Kids love it and they learn about the idea of working for a living. I loved it because of the concept of the self-sustained city. There's even a coffee shop for parents with newspapers, magazines, and free internet. If you're still not sold on how awesome this place is, here is the final selling point: you can leave your kids there while you hang out at the world's largest shopping mall. Everyone wears bracelets which are electronically scanned any time an adult or child leaves. You can go shopping, go to the Sega Republic 100 feet away, or even go to the top of the world's tallest building, the Burj Khalifa. My wife and I went to see the movie The Avengers.
Here is a dingy looking hotel in Kidzania.

Here the kids are in the middle of their training to become firefighters.

The kids had to put out a fire set by the owner of the hotel as an insurance scam.
Meanwhile, back at the fire station...

Lest you think that I just wanted to drop my kids off and go have fun on my own, I actually went in intending to play with my kids. The thing is, parents aren't allowed in the buildings. You can watch the kids, but after a while, that just gets overbearing with kids inside acting out adulthood and a line of parents with cameras taking pictures and videos of their little darlings. I was guilty of that to a point, but after a while that whole thing got tedious. Besides, the kids had no interest in me being there at all. I gave each of them 20 dirhams for lunch, and told them I was going to a movie. Neither of them seemed to care and probably wouldn't have noticed I wasn't there until the place closed.
Tia enjoyed cutting into the patient a little too much.

Tia put the ribcage back on the patient after the liver transplant.

My advice as a parent is to pay the 90 dirham fee (must be accompanied by a child,  scary to think that there might be people without children trying to get in there), check things out, get a few photos of your little darlings, then enjoy your day. Unlike the other Kidzania branches, the one in the Dubai Mall allows you to leave your kids all day. Most of the others have a morning session and an afternoon session with a intermission in which they clear everyone out and start over. Dubai Kidzania has no such break. We brought out kids there at 10:00 am and let them play until 5:00pm. Now that I've seen it, the next time I go, I'll just drop them off with some lunch money and head to Sega Republic. In fact, I've already told our kids that for my daughter's birthday in August, they have the choice between Kidzania and Sega Republic. Whatever they choose, I'll be at Sega Republic and they can enjoy the day in whatever fashion makes them happy. And that is what family time is about!
Lucas enjoying his job working in construction.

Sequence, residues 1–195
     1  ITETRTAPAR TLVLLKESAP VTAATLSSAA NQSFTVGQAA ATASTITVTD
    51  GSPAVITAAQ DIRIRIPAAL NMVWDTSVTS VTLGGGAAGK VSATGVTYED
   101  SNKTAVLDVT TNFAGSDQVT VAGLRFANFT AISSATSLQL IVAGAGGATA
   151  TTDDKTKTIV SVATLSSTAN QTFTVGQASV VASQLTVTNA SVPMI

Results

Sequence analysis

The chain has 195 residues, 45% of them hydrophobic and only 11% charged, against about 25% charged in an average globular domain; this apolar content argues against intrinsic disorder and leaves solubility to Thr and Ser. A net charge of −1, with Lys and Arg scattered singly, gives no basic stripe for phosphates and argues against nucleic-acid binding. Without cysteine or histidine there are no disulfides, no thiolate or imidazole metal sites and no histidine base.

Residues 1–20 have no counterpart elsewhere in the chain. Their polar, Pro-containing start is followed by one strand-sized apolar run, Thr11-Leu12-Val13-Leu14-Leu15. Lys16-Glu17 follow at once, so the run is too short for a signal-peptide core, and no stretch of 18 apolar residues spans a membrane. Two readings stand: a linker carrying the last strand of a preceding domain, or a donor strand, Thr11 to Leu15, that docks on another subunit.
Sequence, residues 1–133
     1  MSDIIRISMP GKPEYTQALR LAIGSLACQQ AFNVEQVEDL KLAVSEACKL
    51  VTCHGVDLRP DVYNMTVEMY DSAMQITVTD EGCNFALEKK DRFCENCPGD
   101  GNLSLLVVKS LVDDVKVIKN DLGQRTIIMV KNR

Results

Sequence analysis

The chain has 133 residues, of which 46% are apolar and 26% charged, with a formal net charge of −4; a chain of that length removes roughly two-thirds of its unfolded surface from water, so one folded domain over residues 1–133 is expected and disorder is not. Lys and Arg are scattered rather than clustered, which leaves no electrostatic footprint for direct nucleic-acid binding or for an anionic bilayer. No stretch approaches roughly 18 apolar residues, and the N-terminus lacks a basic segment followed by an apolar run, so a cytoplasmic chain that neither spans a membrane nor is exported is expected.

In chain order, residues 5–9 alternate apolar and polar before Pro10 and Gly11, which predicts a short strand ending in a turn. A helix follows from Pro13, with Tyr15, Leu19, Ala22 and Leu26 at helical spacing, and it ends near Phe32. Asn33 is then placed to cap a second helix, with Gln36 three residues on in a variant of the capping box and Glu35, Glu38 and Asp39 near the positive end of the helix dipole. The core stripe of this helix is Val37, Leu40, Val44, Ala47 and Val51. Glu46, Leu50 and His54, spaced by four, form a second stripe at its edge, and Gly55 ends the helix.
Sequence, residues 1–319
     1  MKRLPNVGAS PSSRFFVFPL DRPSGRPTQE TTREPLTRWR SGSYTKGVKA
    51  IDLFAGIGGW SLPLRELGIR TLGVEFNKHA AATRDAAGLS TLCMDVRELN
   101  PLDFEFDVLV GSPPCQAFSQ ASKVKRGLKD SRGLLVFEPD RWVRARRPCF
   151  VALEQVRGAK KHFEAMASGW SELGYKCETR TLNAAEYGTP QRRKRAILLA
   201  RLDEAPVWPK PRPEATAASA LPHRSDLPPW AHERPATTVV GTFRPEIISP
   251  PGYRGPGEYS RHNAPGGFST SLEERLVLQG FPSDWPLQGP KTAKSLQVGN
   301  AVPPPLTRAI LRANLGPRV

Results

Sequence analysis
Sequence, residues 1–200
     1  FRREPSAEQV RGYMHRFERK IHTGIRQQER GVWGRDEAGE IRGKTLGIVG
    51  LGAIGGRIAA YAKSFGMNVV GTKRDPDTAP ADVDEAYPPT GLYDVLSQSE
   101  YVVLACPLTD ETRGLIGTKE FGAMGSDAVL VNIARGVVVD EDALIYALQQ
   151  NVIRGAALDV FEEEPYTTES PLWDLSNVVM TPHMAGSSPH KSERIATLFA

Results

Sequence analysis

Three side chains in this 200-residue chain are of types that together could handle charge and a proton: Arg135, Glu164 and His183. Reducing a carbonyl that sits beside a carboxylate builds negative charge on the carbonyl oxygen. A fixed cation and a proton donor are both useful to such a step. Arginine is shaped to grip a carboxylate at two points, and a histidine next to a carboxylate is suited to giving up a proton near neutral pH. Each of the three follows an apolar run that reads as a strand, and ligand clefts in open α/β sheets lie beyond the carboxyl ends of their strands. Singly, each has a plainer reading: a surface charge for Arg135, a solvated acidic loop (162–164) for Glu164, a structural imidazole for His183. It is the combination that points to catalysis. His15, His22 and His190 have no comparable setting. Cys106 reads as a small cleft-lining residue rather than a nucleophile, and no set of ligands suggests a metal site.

Wednesday, June 13, 2012

Hello, Jeep

Last month, I sold my old Jeep to an Emirati guy who has an fetish for that particular body type. Over the past month, we've been getting by with one car fairly well, but we will be moving off the island in August and will probably need two cars. Since this is the time of year when a lot of people are leaving, it is also the best time to pick up a good deal on a car. In looking on Dubizzle, the Craig's List of the U.A.E., I was able to find a few cars I was interested in. I settled on a 2004 Jeep Cherokee manual transmission. I later found out that in the U.S., this vehicle is called a Jeep Liberty, which explains why I was having trouble researching it on American consumer websites.
We chose bluewall tires for stylistic reasons.

In the mass of paperwork involved in switching jobs, I've had to cancel my visa and no longer have an Emirates i.d. card necessary to buy a car. Fortunately, I was able to convince a friend who I work with and lives in my building to put the Jeep in her name. I arranged to drag her to the car registration place to make the switch, conditional on the Jeep passing the inspection. As Murphy's Law would have it, the Jeep didn't pass the inspection, as it needed new tires. We went to get new tires with minimal drama, then headed back to the registration place. We transferred the insurance into my friend's name. Being a lady, she was able to go to the lady specific room to transfer the paperwork, avoiding a longer wait.

The whole process would have been quick if it hadn't been for having to get new tires. Since officially, it's my friend's car and she'll still be working for the school, I am able to apply for a parking sticker to park my car in the college parking lot over the summer. The worst part about this is that I'll be leaving in about a week and won't get enough time to properly drive it. As long as she doesn't sell it while I'm gone, she'll transfer the paperwork into my name and I'll have a nice new (for me) Jeep waiting for me.